I don't want to look back at 2008 and feel sad. I don't want to look back and show a sign of weakness. I am such a stronger person now. I feel so much closer to God and I know my faith is a heck of a lot stronger. I figure life is about trying things you don't think you can do. I know I have a lot of limitations but I am learning not to think about them. I look around my house at all the pictures of my racing and my awards and I realize that life will never be the same. I can't walk without a limp but it won't stop me from trying to run.

Every year I write my goals on a board in the bathroom. I look at them everyday and work my butt off to accomplish them. I finally erased 2008 which said "Reclaim World Championship title, Defend USA and Point Series title and remember to Race for God." It was very emotional erasing those words but I wrote up new ones, "Get healthy, Ride a bike, Remodel bathroom and Race for God!" There is nothing like setting the bar high. You don't know what you can do unless you try. So for 2009 I will be "trying all kinds of things and I won't be looking back. Hello New Year!

I hope all of you had a great Christmas and a Happy New Year. Remember to never stop trying!

Powered By God,

P.S. Thank you so much to those that have been inquiring about my coaching. I am very excited to start working with new athletes. If you are serious about becoming one of my athletes please email me and title it "Coaching" Let me know what you are looking for and I will let you know how much I charge monthly and what I can do for you!


Chad in the AZ Desert said...

Your words about your experiences are both wonderful and powerful. I want to thank you for sharing because it spotlights the simple blessings of being alive and how your attitude makes all of the difference. I'm so happy that you had a very Merry Christmas.

Maybe one more goal you could set for yourself would be to put all of your experiences and what it took to get through them into a book. I'm betting that it would be both entertaining and inspirational - and that's pretty hard to beat. Let me know if you want any writing advice.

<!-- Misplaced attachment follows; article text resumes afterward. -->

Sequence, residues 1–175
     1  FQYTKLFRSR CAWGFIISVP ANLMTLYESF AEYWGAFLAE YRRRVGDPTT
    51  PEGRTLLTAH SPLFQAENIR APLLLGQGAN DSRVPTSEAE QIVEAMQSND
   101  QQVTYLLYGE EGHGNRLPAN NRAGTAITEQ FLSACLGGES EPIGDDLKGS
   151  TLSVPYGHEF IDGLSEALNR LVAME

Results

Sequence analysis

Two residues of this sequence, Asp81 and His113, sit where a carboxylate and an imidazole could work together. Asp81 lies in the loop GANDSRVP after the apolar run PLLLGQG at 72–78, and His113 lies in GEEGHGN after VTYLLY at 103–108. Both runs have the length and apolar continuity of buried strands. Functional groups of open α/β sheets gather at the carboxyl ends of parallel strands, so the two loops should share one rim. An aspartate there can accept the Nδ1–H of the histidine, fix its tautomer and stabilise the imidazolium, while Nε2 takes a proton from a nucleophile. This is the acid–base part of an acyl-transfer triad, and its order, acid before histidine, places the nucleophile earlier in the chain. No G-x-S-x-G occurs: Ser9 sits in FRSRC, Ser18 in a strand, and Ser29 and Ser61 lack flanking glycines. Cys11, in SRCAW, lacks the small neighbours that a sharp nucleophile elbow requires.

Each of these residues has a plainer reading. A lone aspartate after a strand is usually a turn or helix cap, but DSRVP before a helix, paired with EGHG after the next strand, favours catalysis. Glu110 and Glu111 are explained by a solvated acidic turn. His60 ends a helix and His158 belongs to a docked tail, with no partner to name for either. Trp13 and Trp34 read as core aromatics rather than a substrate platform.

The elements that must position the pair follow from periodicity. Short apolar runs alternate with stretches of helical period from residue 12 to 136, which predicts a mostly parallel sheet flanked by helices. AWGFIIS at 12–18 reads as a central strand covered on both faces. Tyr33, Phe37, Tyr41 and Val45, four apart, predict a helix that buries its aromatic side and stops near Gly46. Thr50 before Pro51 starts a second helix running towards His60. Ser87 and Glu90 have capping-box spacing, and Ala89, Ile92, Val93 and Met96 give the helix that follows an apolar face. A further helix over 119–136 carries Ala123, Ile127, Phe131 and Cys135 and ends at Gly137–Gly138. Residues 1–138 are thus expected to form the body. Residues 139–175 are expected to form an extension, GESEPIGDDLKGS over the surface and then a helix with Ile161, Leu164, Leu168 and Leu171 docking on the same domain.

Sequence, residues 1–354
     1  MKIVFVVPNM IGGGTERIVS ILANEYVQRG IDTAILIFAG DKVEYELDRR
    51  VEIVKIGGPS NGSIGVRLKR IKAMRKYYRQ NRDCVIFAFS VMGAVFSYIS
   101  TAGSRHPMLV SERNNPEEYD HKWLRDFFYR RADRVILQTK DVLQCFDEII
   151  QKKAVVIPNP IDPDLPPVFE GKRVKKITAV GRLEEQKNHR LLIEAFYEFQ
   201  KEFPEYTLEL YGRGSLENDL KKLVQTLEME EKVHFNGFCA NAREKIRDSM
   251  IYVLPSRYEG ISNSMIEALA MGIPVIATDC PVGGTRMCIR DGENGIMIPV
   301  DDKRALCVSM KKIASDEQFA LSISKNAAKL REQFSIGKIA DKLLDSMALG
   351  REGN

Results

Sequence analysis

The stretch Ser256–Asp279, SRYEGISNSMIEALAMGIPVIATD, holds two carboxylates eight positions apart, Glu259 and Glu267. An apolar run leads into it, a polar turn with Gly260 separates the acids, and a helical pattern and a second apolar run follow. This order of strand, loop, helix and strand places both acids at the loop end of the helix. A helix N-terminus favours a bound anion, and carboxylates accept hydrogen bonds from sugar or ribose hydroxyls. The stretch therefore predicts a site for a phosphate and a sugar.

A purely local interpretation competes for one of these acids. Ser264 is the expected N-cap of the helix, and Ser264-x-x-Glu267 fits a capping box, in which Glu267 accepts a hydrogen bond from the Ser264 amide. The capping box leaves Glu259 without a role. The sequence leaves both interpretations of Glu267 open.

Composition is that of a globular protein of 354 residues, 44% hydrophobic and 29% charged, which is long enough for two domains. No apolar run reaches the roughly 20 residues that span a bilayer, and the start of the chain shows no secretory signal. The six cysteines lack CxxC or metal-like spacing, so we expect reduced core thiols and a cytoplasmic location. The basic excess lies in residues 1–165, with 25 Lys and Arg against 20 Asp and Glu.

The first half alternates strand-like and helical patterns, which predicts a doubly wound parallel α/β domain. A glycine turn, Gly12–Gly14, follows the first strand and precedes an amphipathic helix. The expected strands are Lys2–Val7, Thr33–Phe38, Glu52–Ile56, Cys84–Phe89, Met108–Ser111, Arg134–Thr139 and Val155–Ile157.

May God continue to bless you and your family. Have a Happy New Year, Jamie.

anne marie sebastiani said...

love it. so glad to hear how you're doing. your strength and faith is an inspiration. here's to 2009!

Anonymous said...

Saw you today at the race. I am pretty new to racing and triathlon altogether. After reading your latest comment I can see you have been through so much. I know how difficult, and long and boring, the hospital can be. I am not so new to that as my son Luke spent most of the summer there two years ago. It definately makes you appreciate all that you have.

It seems that you have "dug deep" once again to pic yourself up and make your "new" goals for the year. They are just as important as the old ones. You inspire! I could see the inspiration in Shana today. And I am hoping that my son,Luke, see's her (and you) and is inspired as well. He loves to ride his new Mountain bike and is so excited to race on Kid's day this month. He is only 5. When he was born, the doctors told us of the things he probably wouldn't do. It feels good to prove them wrong. I hope that is what you will do as well. Good Luck to you in the future. I will be looking forward to seeing you at some of the TBF events.
Have a Great Year!

Hannah said...

Thank-you, Jaimie - that is so inspiring! Although I haven't been through anything like the wringer that 2008 was for you, I do know how hard it is to let go of the old goals in order to pursue new ones. Hang in there, and may 2009 bring you health and happiness!